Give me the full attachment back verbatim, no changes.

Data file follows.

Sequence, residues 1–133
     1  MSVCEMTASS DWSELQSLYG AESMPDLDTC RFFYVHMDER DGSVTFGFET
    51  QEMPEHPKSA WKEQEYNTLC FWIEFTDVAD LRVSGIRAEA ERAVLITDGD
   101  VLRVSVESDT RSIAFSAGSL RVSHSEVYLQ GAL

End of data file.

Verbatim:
Sequence, residues 1–133
     1  MSVCEMTASS DWSELQSLYG AESMPDLDTC RFFYVHMDER DGSVTFGFET
    51  QEMPEHPKSA WKEQEYNTLC FWIEFTDVAD LRVSGIRAEA ERAVLITDGD
   101  VLRVSVESDT RSIAFSAGSL RVSHSEVYLQ GAL